In light of the euphoria in some quarters over having 20 female senators (sixteen of whom are Democrats and likely to vote to raise your taxes and expand government), Mona Charen’s column this morning is a must-read. It begins this way:

I suppose I’m a bad woman — by today’s standards, that is. For some reason, I take absolutely no pride in the accomplishments of women per se. I am utterly uninspired by first women astronauts or secretaries of state. It is of no consequence to me what percentage of the United States Senate or House of Representatives shares my chromosome pattern. I don’t wait with gnawing impatience for America to pass the milestone of needing a fellow to fill the post of first gentleman.

This is not to say that I resent or disparage female accomplishment. I admire excellence wherever it is found, and many women, including Margaret Thatcher, Gertrude Himmelfarb, Jeane Kirkpatrick, Priscilla Buckley, Jane Austen, Joan Sutherland, Aung San Suu Kyi, George Eliot, Yelena Bonner, and Golda Meir, occupy plinths in my personal pantheon. I just don’t have a rooting interest in the decisions of one-half of humanity.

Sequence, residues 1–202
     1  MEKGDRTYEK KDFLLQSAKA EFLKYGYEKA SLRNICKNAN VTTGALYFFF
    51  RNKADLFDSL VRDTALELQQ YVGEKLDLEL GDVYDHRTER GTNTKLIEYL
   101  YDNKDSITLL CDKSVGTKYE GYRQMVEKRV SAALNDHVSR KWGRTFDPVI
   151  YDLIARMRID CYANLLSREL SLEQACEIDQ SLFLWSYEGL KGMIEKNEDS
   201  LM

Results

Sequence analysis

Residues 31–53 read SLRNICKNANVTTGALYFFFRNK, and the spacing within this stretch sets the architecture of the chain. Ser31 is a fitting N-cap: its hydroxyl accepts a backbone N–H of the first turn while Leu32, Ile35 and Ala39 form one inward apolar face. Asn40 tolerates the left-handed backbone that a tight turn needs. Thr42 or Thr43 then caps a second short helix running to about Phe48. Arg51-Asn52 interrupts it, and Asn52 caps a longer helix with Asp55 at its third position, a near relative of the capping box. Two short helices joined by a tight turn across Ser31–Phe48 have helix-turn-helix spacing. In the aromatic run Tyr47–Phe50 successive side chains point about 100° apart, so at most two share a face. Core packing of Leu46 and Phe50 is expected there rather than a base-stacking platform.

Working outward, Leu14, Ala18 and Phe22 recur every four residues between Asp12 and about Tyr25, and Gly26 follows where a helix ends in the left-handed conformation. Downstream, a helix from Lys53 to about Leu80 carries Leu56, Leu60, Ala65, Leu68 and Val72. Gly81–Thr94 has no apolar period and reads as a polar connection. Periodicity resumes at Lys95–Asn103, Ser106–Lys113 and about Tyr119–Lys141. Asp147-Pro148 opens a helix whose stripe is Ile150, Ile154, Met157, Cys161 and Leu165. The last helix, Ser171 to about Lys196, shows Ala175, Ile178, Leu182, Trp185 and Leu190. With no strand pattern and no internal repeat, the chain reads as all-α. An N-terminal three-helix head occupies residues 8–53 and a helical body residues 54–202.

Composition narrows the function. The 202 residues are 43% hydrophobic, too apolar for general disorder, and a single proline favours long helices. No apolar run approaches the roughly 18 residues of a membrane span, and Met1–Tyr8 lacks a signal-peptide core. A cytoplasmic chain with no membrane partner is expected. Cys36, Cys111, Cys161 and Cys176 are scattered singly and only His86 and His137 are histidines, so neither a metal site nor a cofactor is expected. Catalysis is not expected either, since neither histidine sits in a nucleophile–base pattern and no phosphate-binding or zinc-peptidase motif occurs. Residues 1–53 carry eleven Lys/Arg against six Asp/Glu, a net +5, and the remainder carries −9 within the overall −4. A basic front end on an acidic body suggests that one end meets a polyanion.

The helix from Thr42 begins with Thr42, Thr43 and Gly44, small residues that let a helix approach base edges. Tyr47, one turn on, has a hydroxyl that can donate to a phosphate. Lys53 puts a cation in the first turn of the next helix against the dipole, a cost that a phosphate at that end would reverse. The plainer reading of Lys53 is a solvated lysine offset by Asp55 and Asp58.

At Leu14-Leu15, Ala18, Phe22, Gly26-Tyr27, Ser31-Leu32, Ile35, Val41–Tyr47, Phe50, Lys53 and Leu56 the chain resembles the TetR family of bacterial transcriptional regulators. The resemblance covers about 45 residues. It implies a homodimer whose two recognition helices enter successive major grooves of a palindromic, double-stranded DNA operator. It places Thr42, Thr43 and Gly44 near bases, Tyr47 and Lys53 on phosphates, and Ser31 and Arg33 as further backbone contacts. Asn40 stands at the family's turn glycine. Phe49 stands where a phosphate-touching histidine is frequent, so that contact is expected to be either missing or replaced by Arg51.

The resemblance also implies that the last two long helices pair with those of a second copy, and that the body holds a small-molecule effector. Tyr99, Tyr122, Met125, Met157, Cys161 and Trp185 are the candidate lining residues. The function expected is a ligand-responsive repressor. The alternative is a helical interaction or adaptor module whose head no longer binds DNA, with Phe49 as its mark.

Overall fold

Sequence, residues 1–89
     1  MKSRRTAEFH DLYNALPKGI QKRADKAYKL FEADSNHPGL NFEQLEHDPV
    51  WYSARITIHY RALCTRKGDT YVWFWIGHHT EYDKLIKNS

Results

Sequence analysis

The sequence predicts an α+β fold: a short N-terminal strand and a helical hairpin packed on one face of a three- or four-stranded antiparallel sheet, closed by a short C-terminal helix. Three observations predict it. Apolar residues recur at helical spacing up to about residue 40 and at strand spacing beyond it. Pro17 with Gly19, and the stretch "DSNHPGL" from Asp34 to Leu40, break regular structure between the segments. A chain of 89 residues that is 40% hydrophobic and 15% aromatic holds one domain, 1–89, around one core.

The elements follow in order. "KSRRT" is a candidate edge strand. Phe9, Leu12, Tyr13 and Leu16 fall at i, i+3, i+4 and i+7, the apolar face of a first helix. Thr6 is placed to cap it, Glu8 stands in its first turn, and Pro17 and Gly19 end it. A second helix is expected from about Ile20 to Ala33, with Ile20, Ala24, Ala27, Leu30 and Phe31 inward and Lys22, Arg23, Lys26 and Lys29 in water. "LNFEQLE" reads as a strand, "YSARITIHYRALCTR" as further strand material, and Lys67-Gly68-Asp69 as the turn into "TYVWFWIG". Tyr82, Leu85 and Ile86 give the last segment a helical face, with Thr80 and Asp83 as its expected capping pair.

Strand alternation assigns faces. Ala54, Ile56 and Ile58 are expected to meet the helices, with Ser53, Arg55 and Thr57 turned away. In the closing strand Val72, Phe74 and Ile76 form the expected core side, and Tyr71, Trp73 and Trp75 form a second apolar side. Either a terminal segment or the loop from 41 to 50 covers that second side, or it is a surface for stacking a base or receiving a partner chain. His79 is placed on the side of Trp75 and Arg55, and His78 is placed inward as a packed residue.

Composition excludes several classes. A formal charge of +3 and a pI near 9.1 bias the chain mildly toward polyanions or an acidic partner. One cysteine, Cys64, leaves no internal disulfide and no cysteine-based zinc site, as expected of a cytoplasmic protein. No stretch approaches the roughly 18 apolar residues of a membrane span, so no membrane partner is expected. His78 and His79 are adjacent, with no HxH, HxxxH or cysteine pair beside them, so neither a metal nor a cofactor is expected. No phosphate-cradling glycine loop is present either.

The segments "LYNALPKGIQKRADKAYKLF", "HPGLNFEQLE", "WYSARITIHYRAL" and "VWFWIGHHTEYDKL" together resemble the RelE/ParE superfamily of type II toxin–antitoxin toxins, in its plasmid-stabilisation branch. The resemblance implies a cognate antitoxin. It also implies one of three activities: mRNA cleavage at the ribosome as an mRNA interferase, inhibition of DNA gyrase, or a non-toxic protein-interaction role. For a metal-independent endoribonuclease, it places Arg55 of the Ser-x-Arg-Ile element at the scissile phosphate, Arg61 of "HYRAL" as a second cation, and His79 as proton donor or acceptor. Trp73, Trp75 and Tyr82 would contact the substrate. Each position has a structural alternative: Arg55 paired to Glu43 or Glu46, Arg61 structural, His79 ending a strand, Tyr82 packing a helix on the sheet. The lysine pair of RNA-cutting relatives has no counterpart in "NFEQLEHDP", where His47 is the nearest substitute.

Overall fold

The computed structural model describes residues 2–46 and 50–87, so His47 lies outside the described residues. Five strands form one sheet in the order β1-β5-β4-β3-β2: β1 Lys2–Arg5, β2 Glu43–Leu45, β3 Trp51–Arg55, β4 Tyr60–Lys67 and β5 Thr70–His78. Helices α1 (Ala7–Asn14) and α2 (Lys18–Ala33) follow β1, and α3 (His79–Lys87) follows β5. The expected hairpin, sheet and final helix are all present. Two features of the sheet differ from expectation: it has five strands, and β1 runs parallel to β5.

And Mona goes on to say:

These reflections were occasioned by a meeting of the Kirkpatrick Society — a luncheon group of conservative-leaning women created and managed by the Hoover Institution’s Mary Eberstadt. Most women, I suspect, including most conservative women, are not like me. They do feel female solidarity.

It’s odd that we are exhorted to feel solidarity with fellow women but not with fellow Americans (that would be unbecoming chauvinism) or with coreligionists (that would be excessively sectarian). Men, of course, may cheer for women, but not for their own sex.

The column was pegged to a talk on demographics and women voters given at the Kirkpatrick Society by the American Institute’s Karlyn Bowman, who is an esteemed panelist at IWF’s much-anticipated  Women in the Wilderness event next week.

IWF’s Sabrina Schaeffer made observations similar to Mona’s in a statement in response to the giddiness about having more women in the Senate than ever before. Here was the headline:   

More Women in Senate Likely Result Higher Taxes, Bigger Govt, Less Freedom The group making the claim is the Independent Women's Forum.

Sabrina said that policy is more important than gender-based stereotypes. She made several great points:

What’s especially interesting is that in 2010 – the “Year of the Republican Woman” when 145 Republican women ran for offices in the Senate and the House – there was very little talk about how women shattered the glass ceiling or about what kind of difference more women would have on negotiations, compromise, and legislating on Capitol Hill.

These women are to be congratulated for their accomplishments; but in the end one’s political values are far more important than one’s gender.